CHAPTER 5: CHANCE
Miss Madjen came in the evening, and he took her out for dinner. They returned to his suite,
then they took their favorite seats inside the Study Room, each holding a cup of a delicious dessert wine.
“I have a powerful anti-surveillance equipment in this suite, Raika, therefore it is the only
place where we can discuss freely. Outside this suite, please, be very circumspect, and do not talk about
important information. What happened today in the Council?”
“The entire day was spent with tactics and proposals to defend the Ancen System. They decided
that, tomorrow, they should make their decisions final so that there will be sufficient time to implement
changes. Everybody expects about seven equ. days until the next attack.”
“No. It all sounded boring and blunt: no sharp ideas, nothing intelligent.”
“It was supposed to happen that way . . . Did you say anything, Raika?” asked Najé.
She replied, “No, there was nothing solid to hang on. I shall do it tomorrow, after they come
up with some concrete decisions.”
“Excellent! Now, listen to this, Raika . . . I suspect there is someone in the Council doing an
inside job for the Hurrans.”
“Oh! Who?” asked Raika frightened and perplexed altogether.
He replied, “I cannot tell you whom I suspect, Raika, because you are too honest. If you knew,
you could give yourself away with an involuntary look or something—it is better that you do not know.
Now, I talked to the Delegate of the Cawa Federation, and he has assured me of his support.
Plans have changed a little. We need to get the President Delegate nomination after the battle for Ancen, in
order to make our plans work.”
“You need votes,” remarked Raika with doubt.
“Yes, we do, and I started working on it. You are going to receive messages from various
persons, and you will send them to me as soon as possible . . .” said Najé, then he paused for a few moments. He
added thoughtfully, “This inside job bothers me a lot.”
“Are you certain about it?” inquired Raika timidly.
He replied, “No, I am not sure. It is more like a feeling except . . . I am never wrong with my
feelings, Raika. The bad part is, by not having any evidences, I cannot be certain if it is the work of a single
person, or there is a complex action group behind it.”
“Maybe is nothing,” suggested Raika.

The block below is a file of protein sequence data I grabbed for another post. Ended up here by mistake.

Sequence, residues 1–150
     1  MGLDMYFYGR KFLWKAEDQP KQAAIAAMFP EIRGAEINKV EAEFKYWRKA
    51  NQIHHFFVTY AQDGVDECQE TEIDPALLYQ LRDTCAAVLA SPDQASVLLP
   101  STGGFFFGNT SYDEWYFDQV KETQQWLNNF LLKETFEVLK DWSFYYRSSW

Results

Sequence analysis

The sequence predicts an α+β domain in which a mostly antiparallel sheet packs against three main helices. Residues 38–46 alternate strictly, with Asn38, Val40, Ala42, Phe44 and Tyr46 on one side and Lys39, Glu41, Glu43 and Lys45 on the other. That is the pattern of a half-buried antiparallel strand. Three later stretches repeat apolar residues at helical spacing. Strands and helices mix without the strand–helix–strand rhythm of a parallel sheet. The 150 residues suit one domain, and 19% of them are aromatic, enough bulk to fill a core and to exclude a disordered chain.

“Could be. This is the reason we need to get the President Delegate nomination: to prevent any
possible inside work coming from anybody. Could you, please, work a little with the legislation and see if there
is anything preventing me to get the nomination?”
“I will. Anything else?”
“Nah, this is all.”
Raika felt reluctant to leave Najé. In her suite, the only thing to do was to pray for her
family back in the Ancen System. She needed to talk to somebody, to forget her fears, and Najé’s voice was so
relaxing . . . She said timidly, “If you do not mind, Najé, you mentioned last night something about chance. I
do have little time tonight, and if you also have—”
Najé felt very happy with her request. He was way deep in love with her, only he didn’t dare
proposing anything, given her serious attitude. Therefore, her invitation to spend little time in a casual friendly
discussion was an unexpected and very pleasing surprise!
He rushed to assure her, “Of course I do, Raika. I shall try explaining the notion of chance to
you except my problem is, I do not know if I can be very explicit. Things are fairly complex and . . . You see, Raika, I
do not believe in chance.
What I mean is, I do not deny that chance is there for everybody to grab, but the interesting
thing about it is, it never comes when you actually need it. On the other hand, after the need of the moment passes, you
realize that you didn’t truly need it, and you managed things fairly well without any chance.
What I say now is about the chance at the individual level, which is not much important. When
we talk about large social structures, however, chance has a particular way of behavior, and this time it is very
Try to picture this, Raika. During the existence of a Civilization comes a crucial moment when
something could change it in a radical way. The odds are about ninety percent or more in favor of that radical change
but . . . it does not happen. There are many examples in Norghe System history, and I am certain that if you investigate
the Ancen System history you can discover the same thing.”
“Why do you think it happens that way?” asked Raika intrigued and puzzled by the topic.
“Well, first thing, we could think of a Divinity who is in control, but my intention is to
eliminate that possibility from the very beginning.”
She asked in a firm tone, while watching him with severe eyes, “Why?”
Najé smiled gently at her, because he knew she had had a strong religious education. He
explained, “Suppose you are the Great Creator, Raika. You have created an immense Universe, and you have populated it